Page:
What is Electronic Arts thinking? The video game giant says it wants to buy Take-Two Interactive, the company behind the Grand Theft Auto franchise, but it doesn’t seem like it’s in any hurry. Since making its original offer in February, EA (ERTS) has lowered its bid, then continually extended its offer, even though Take-Two (TTWO) management and shareholders have been holding out for more money.
Here’s a theory that’s been making the rounds recently, and which makes sense to us: EA will be bailing out very soon. It’s only sticking around for the time being, the argument goes, because it’s waiting for Federal regulators to sign off on a theoretical acquisition. And that approval should be in the works, since Take-Two decided last week to cooperate with the FTC and avoid a court date.
What happens once EA gets Hart-Scott clearance? In theory:
- EA makes one last now-or-never offer to TTWO shareholders, perhaps for a bit more than its current $25.74.
- Then it walks away.
- Then TTWO shares plunge back into the teens, where they’d been prior to EA’s original bid.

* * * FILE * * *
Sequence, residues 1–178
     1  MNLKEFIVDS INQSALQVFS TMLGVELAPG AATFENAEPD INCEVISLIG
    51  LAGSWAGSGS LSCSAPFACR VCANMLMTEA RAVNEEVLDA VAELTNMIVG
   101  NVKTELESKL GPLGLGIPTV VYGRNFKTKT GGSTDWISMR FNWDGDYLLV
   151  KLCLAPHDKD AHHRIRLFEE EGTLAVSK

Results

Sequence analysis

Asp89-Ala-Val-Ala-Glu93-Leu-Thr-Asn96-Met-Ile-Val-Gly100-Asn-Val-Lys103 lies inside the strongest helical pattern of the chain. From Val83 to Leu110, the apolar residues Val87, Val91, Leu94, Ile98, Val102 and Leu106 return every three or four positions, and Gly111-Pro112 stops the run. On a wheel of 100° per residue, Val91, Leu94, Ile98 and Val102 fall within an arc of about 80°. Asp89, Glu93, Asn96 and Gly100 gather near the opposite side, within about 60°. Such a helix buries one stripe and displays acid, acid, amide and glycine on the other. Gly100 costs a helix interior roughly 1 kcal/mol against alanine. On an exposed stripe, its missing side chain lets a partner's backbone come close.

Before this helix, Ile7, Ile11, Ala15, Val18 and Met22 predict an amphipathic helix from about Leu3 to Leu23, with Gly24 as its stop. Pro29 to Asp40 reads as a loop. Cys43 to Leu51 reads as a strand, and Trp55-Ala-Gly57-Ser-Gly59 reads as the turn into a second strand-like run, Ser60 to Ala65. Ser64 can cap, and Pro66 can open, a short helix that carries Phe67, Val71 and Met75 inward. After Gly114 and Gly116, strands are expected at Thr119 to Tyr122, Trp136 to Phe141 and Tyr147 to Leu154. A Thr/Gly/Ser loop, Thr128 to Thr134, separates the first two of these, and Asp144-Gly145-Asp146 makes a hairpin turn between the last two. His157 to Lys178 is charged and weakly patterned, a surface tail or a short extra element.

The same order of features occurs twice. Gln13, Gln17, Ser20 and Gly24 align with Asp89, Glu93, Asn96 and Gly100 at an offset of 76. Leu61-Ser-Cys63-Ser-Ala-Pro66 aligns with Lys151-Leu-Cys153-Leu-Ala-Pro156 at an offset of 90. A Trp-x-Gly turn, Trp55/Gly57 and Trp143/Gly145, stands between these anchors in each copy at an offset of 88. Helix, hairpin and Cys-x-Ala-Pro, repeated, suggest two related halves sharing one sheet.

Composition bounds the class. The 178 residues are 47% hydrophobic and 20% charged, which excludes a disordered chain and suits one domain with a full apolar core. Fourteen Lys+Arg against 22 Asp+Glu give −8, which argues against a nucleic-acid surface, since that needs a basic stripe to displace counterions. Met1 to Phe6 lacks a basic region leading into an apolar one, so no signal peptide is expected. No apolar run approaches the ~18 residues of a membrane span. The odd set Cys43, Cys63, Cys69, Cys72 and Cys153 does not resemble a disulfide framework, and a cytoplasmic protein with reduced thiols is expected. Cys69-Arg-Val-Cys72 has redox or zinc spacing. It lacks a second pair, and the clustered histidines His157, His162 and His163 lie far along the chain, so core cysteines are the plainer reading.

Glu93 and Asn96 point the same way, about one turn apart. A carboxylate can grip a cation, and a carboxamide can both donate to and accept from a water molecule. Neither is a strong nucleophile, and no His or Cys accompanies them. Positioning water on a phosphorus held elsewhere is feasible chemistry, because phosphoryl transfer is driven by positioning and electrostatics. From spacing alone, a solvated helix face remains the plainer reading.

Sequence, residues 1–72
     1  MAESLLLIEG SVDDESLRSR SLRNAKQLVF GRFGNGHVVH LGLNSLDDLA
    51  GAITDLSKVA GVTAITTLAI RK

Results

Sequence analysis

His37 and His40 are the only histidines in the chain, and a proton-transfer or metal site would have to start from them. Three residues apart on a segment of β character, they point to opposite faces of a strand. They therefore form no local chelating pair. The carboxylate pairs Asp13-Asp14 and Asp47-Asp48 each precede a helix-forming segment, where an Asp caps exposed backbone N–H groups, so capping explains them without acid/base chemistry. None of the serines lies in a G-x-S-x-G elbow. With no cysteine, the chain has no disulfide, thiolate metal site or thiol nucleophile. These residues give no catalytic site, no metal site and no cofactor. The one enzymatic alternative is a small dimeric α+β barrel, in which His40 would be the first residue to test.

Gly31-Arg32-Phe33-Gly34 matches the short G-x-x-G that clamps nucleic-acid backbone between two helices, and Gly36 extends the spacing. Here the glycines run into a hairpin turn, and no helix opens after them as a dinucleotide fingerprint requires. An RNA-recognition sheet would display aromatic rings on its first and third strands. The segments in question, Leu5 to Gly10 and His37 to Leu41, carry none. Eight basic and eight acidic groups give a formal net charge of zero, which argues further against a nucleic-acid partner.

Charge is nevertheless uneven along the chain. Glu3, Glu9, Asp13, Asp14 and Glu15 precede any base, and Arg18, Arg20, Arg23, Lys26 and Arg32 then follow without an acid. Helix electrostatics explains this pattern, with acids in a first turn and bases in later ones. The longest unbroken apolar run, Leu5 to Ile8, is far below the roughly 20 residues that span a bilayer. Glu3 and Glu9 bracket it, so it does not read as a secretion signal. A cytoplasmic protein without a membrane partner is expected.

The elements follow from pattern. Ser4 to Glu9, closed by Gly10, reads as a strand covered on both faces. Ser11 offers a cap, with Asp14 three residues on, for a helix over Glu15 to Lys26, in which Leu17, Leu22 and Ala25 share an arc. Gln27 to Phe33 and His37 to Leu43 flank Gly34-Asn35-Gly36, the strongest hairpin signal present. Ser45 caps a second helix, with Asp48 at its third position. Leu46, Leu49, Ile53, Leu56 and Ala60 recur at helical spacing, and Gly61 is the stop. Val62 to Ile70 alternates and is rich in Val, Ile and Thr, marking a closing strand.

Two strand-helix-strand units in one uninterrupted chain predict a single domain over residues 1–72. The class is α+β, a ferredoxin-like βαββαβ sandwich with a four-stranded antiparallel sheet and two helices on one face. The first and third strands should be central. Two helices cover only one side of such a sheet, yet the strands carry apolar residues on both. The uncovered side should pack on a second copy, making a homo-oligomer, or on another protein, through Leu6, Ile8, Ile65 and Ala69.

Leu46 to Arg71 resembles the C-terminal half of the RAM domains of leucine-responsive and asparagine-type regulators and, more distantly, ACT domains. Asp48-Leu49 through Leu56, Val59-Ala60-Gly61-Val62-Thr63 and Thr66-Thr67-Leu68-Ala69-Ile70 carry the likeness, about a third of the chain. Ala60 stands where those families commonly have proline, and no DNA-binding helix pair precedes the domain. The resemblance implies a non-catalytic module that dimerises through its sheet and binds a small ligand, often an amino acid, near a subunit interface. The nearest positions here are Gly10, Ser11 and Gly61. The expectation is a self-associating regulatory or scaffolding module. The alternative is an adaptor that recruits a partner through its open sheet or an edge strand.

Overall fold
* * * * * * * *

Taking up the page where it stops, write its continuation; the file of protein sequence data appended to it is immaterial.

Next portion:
- Then EA comes back in a few months, or later next year, and makes a similarly sized offer, which desperate TTWO owners agree to right away.
This theory is predicated, of course, on the notion that some other buyer doesn’t step in. And Take-Two keeps suggesting that it is, in fact, talking to other buyers. But unless they can produce said mystery buyers at some point, it’s hard to believe that any of the talks are serious. And who would be a serious buyer for Take-Two?
Among the pure-play video game companies, only Activision (ATVI) seems to have enough scale to make a run at a $2 billion-plus deal. And Activision is currently digesting a very big, very complicated merger with Vivendi’s Blizzard unit.
What about the big media conglomerates? Aren’t they desperate to get into games? Sure they are. And we bet a couple of them are definitely tire-kicking right now. But we think they’re unlikely to make a deal. Disney (DIS), for example, makes a lot of sense — except for the part where Mickey Mouse’s image is irreparably soiled by association with a video game where you can pay hookers for sex, then kill them and get your money back. Time Warner (TWX) can also afford Take-Two. But it looks most interested in spending cash on cable channels. Etc.
sceptics will argue that EA doesn’t have that much leverage here, since only a small per cent of shareholders have actually tendered their shares so far — ie, no one wants their offer to begin with. The counter-argument: There’s no reason to tender shares until EA finds out if gets antitrust clearance on the deal. When that happens, this saga should come to a quick resolution, one way or another.
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